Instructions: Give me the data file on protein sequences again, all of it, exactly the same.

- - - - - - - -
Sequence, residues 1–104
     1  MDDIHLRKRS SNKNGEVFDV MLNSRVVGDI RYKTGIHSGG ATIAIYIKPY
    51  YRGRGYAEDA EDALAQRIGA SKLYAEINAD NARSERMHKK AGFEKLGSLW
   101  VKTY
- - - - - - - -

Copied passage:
Sequence, residues 1–104
     1  MDDIHLRKRS SNKNGEVFDV MLNSRVVGDI RYKTGIHSGG ATIAIYIKPY
    51  YRGRGYAEDA EDALAQRIGA SKLYAEINAD NARSERMHKK AGFEKLGSLW
   101  VKTY